Experimental Testing of a Piezoaeroelastic Energy Harvester in a Wind Tunnel

Open Access
Author:
Fobben, Gregory
Area of Honors:
Mechanical Engineering
Degree:
Bachelor of Science
Document Type:
Thesis
Thesis Supervisors:
  • Christopher Rahn, Thesis Supervisor
  • Hosam Kadry Fathy, Honors Advisor
Keywords:
  • Energy Harvester
  • Piezoelectric
  • Aeroelastic
  • Piezoaeroelastic
Abstract:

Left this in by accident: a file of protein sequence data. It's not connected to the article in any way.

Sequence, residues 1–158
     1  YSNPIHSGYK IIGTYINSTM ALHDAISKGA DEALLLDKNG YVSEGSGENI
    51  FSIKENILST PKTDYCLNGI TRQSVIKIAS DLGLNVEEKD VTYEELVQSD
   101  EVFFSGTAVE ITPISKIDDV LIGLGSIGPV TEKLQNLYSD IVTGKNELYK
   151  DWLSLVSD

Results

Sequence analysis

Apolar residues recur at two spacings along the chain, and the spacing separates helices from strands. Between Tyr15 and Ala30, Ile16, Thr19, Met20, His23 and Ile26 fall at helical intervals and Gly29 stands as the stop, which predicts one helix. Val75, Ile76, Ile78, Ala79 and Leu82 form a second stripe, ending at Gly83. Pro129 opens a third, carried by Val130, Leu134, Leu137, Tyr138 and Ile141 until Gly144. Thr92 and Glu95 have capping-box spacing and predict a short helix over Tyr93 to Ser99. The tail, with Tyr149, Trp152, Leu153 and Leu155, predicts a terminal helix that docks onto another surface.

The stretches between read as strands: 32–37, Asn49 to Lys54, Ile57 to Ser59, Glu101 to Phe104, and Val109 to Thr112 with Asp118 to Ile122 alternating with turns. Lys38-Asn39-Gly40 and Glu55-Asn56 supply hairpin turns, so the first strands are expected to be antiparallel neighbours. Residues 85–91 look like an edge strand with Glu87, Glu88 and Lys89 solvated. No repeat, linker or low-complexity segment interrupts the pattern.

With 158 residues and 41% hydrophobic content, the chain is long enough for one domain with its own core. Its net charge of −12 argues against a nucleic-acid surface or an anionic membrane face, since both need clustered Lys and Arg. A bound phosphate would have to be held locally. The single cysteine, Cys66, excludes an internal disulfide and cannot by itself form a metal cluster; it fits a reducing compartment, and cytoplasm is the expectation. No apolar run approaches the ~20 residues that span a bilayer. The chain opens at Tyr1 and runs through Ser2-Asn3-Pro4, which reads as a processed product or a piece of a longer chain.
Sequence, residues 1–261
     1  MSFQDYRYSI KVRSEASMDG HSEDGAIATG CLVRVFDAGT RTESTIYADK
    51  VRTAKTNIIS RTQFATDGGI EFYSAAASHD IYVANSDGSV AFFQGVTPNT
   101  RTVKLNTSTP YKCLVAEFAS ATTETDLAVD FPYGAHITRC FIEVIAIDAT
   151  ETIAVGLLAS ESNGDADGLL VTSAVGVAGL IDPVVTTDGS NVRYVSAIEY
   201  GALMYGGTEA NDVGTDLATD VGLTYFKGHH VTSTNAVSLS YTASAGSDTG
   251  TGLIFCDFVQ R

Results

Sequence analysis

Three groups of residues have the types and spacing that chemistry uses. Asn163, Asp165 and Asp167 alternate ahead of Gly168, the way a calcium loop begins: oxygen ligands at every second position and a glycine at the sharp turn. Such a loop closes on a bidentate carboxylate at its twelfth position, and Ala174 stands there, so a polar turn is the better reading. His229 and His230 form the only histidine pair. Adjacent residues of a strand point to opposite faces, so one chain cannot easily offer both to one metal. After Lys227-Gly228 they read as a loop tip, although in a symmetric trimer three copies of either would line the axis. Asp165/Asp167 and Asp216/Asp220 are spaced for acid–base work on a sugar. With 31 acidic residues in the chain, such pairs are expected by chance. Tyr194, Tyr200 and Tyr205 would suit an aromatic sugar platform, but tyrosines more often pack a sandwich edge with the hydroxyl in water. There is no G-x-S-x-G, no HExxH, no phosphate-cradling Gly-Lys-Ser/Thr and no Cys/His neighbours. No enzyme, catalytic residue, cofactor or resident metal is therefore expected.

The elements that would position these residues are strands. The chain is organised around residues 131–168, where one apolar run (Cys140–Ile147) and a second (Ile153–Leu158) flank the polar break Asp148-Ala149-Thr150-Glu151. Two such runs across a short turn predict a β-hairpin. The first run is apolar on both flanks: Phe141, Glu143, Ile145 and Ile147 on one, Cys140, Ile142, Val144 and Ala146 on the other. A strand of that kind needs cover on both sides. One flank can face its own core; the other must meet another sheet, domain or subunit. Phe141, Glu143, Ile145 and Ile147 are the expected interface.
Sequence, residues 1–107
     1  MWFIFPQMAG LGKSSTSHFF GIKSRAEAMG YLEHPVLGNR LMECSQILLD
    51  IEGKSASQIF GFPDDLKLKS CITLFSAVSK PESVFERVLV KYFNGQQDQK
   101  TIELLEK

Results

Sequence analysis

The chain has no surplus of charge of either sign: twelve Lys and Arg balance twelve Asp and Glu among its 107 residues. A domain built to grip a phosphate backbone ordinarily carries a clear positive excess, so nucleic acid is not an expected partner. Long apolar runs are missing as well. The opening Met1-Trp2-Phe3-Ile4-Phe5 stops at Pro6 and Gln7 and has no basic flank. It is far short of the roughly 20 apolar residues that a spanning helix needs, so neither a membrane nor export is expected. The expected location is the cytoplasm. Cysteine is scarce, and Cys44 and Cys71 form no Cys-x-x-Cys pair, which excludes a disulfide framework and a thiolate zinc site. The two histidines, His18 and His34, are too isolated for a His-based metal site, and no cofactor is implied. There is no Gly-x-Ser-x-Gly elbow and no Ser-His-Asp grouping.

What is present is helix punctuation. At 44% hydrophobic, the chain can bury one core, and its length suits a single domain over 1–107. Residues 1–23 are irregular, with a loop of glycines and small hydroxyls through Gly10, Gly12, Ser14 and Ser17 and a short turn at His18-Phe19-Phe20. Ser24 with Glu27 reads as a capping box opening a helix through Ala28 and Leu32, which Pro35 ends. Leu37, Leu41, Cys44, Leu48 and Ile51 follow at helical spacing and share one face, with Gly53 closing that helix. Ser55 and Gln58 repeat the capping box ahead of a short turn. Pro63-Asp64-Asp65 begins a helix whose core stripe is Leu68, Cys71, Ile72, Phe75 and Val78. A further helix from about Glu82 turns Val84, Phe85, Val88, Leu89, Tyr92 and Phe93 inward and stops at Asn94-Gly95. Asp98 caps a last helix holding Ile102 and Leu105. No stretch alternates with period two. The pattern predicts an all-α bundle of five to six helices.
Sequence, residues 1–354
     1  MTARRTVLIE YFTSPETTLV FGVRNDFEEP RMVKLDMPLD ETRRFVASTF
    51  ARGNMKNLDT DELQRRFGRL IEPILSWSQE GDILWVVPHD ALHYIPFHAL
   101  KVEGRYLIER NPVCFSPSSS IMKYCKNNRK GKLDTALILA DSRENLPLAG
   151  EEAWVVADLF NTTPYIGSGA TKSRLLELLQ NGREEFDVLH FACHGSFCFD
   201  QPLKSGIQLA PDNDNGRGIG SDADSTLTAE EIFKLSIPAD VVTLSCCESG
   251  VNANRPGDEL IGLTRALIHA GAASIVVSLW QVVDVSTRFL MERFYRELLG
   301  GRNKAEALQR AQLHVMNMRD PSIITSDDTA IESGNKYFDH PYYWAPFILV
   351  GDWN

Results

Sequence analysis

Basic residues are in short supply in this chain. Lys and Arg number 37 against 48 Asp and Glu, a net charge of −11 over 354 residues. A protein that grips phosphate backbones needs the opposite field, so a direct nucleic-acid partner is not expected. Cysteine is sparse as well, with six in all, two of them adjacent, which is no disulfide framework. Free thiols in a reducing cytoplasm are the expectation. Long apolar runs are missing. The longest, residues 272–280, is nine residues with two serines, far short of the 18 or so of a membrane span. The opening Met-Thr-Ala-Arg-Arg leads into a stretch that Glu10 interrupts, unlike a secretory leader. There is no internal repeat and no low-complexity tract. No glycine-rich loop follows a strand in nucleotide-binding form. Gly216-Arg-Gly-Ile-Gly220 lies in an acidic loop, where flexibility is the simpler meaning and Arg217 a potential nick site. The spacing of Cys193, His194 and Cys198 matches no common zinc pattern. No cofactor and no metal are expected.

Aeroelastic energy harvesting in Heating, Ventilation, and Air Conditioning (HVAC) ducts has the potential to provide buildings with wireless security, air quality, temperature, and humidity monitoring. The energy generated could power a sensor, an on-board microprocessor, and Wi-Fi communications without the need for power and communication wiring. The sensor could work for years without the need for maintenance (e.g. battery changing). This work investigates the effect that certain variables have on the power and voltage output of a piezoelectric energy harvester that is placed in a wind tunnel. The harvester uses a unimorph cantilever that consists of a layer of piezoelectric material, PVDF, and a base material, Mylar. The cantilever is mounted on the face of a box that is perpendicular to the flow of the wind in the tunnel, and the air is allowed to pass through small gaps around the cantilever of varying widths, causing the cantilever to vibrate. The experiment demonstrates the effect that this gap width, the wind speed, and the applied load resistance has on the amount of power and voltage that the energy harvester can generate. Analysis of the collected data suggests that power and voltage increase with increasing gap width. Realistically, power would not continue to rise as gap size continued to grow, as there would be an optimal value for gap width. Optimization of gap width, however, is not within the scope of this thesis. There is also a clear trend of power and voltage increase as wind speed and electrical load resistance increase. The experiments test power and voltage outputs for 8 wind speeds, 3 load resistances, and 3 gap widths. Further experimentation should include additional load resistances and at least one gap width larger than 5 mm to verify the trends that are observed in this thesis.